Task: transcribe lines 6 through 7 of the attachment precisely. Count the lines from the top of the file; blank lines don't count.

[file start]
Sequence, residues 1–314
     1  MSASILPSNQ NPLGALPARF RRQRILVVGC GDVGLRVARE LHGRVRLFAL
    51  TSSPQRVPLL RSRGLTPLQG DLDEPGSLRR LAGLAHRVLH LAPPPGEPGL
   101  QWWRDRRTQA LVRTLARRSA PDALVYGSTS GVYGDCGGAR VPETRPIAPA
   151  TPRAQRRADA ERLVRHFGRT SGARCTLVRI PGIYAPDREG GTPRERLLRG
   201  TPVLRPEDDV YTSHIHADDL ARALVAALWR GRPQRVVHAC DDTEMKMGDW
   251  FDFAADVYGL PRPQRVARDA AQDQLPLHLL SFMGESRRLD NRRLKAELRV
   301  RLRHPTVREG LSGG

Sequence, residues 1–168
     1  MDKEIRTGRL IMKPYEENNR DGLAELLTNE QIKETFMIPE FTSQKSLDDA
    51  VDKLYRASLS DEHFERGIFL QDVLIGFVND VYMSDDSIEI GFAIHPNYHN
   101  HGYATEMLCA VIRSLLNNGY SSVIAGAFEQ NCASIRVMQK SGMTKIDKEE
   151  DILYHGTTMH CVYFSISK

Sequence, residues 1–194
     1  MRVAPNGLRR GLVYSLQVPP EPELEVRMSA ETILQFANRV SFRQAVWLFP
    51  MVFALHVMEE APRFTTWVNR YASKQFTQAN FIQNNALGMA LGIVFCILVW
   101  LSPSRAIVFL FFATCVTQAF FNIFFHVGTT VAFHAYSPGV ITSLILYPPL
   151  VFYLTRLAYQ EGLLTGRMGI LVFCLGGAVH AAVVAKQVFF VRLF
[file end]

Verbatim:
   201  TPVLRPEDDV YTSHIHADDL ARALVAALWR GRPQRVVHAC DDTEMKMGDW
   251  FDFAADVYGL PRPQRVARDA AQDQLPLHLL SFMGESRRLD NRRLKAELRV